Also, please keep in your mind that Botrytis is very well known for its capacity to overcome fungicides.  Thus, a rotation of mode of action groups is a very important aspect of Botrytis management.  Mode of action for a particular fungicide can be found as a FRAC code, which you should be able to locate on the label.  Here’s a short list of materials for Botrytis and their FRAC code in parenthesis. Elevate (17), Scala (9), Vangard (9), Switch (9+12), Inspire Super (9+3), Luna Experience (7+3), Kenja (7), Meteor/Rovral (2), Endura* (7), Pristine* (7+11). 

The material with an asterisk has a high concern for resistance development. Please note that the group 7 is considered a high risk, but I did not put an asterisk on Luna and Kenja. I am not saying that they are not high-risk materials; we simply do not have enough data. However, since they belong to the same mode of action group, I would be very careful on the usage.

When you are in doubt, please rotate the FRAC code because two different fungicides with two different chemical names may have the same FRAC code as you see on the list above. Also, tank-mixing with other material, such as captan (M4), which has weak to fair activity against Botrytis, will help lower the risk of fungicide resistance development.  If you think one of the fungicides you are using is not providing sufficient control, please contact Dr. Baudoin or me.

Another management tip for Botrytis is about wounding on berries.  Although Botrytis is capable of causing disease by penetrating grape’s fruit skin tissues, it prefers going after wounds.  Also, according to Penn State’s research, at bloom infection by Botrytis tends to develop into disease when grape fruit skin is damaged, but when the skin is intact, the risk of disease development will be much lower.  Thus, management of the source of wounds such as insects (esp. grape berry moth), or birds, or powdery mildew at early in the season, can result in the management of Botrytis.  Moreover, sour rot pathogens also really like going after wounds; so, the same wound management would be the key for the sour rot management as well. 

Both ripe rot and bitter rot are considered as a warm season diseases, and in fact, people in the south tend to suffer more from these diseases; however, we can find ripe rot in Northern VA year after year.  In addition, I have heard from growers from PA and MD that they are having issues with ripe rot as well.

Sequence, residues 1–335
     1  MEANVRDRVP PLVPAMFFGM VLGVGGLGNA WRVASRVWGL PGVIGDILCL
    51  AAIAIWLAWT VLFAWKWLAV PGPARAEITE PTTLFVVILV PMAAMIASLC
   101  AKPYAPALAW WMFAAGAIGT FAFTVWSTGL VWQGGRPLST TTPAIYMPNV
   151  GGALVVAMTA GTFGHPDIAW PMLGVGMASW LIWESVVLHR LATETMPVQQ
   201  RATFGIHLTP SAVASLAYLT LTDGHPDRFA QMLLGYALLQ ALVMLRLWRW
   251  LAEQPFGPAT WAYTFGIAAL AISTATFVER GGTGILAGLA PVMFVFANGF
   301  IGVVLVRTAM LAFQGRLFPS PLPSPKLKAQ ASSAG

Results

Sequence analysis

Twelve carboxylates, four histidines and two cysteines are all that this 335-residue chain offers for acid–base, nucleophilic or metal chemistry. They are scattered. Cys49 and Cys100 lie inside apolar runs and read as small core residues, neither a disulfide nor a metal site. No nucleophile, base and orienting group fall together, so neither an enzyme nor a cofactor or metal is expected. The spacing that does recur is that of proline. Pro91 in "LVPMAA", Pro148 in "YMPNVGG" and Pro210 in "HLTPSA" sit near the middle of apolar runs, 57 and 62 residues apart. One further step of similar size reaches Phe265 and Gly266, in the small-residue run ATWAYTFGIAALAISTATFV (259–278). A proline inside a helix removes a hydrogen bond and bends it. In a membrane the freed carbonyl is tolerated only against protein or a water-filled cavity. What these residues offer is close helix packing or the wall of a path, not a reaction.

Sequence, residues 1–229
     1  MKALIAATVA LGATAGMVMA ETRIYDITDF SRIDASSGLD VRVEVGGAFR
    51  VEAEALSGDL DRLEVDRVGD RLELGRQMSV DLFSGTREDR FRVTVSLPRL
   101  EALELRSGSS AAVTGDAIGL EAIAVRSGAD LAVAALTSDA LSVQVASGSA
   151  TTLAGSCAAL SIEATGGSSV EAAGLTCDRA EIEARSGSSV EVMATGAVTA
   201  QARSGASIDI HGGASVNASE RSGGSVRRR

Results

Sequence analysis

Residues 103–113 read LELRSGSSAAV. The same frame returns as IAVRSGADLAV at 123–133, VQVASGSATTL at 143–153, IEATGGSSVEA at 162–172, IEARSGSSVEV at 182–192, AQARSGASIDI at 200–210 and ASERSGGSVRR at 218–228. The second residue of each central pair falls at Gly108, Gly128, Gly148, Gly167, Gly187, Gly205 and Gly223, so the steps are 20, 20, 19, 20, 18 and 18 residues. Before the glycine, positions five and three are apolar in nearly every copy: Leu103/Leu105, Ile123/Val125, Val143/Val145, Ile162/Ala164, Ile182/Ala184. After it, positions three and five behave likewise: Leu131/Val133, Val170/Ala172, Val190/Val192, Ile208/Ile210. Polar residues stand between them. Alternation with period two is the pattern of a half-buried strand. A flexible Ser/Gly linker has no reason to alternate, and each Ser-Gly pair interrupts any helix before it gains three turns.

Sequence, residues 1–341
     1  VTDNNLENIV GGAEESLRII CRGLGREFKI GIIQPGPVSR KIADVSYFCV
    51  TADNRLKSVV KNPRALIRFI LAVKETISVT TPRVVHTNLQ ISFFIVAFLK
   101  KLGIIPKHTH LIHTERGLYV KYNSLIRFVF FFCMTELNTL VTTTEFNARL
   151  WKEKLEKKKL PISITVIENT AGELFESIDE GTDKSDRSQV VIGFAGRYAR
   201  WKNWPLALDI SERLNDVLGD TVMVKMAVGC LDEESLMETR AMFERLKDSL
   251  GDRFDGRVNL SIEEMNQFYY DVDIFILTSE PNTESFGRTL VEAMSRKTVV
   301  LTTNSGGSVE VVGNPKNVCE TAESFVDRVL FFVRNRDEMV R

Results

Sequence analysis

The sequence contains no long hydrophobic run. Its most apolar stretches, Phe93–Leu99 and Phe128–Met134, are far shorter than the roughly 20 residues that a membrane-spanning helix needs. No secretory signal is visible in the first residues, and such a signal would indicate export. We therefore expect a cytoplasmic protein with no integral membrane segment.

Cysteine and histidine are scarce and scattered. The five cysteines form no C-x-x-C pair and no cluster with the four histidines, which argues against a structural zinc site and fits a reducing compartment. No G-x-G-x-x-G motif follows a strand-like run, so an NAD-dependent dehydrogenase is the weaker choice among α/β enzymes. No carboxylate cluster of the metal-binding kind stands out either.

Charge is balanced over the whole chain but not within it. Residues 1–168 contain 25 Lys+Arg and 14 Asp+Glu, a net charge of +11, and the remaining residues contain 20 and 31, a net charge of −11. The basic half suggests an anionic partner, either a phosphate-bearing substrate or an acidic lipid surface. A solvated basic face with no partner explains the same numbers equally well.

Unfortunately, ripe rot in particular, has been misdiagnosed more than other rots.  It shows up as if the berries are sunburned, thus you will see a round dark brown lesion on the top portion of an infected berry.  The difference would be the tiny dots you will see within the lesion, which are fruiting bodies of the pathogen.  As the time progresses, the lesion expand into the whole berry, and infected fruits become shriveled raisin-like fruits (please see the picture above).  With a severe infection, you may see the majority of berries on a cluster shriveled down.  Unlike sunburn, it does change the taste of the fruit and wine.  Unfortunately, the change is in the negative direction, and a study showed that a consumer panel could detect only 3% contamination in the mast.

Both ripe rot and bitter rot seem to be able to infect berries from the time of flowering to the harvest.  Thus, protection is important, especially if you have experienced issues with these diseases in the past.  Mancozeb (M3), ziram (M3), captan (M4), and QoI (Strobirulin, FRAC 11) fungicides are currently recommended.  Please rotate among these modes of action because some of the isolates causing ripe rot are not sensitive to some of those materials. Our recent research effort showed that fixed copper materials (M1) have a fair to good efficacy as well, thus, it maybe a good idea to tank mix these materials with a fixed copper. (Note: due to the 66-day PHI of mancozeb, you may not have enough days remained to spray mancozeb at this time of the season.) The timing of applications will be the same as Botrytis, so, include ripe rot material when you apply for Botrytis.

Tuesday, May 23, 2017

Post bloom disease management considerations


As of today, it is about 10% bloom at our Chardonnay plots. Since bud break was about 2 weeks ahead of a typical year, things are moving along as we would expect. Of course, bloom in VA almost always has to happen in rain...

As for bloom time disease management consideration, please refer to the previous post.

From this point on, 4 to 5 weeks will be a critical period for management of downy mildew, powdery mildew, and black rot. Please make sure to keep your vines covered. Once again, providing a protection is much better and easier than playing a catch-up, especially if it comes to grape disease management in VA.

You can use protective materials such as mancozeb, copper, and sulfur as your backbone, and add more specific (and often locally systemic) materials. Some of these materials have efficacy against multiple diseases (either by itself or through the combination of two materials). Examples are

  • DMI, aka SI (FRAC = 3), e.g., Rally, tebuconazole, Mettle, etc. Inspire super is a mixture of difenoconazole (FRAC 3) and cyprodinil (FRAC 9).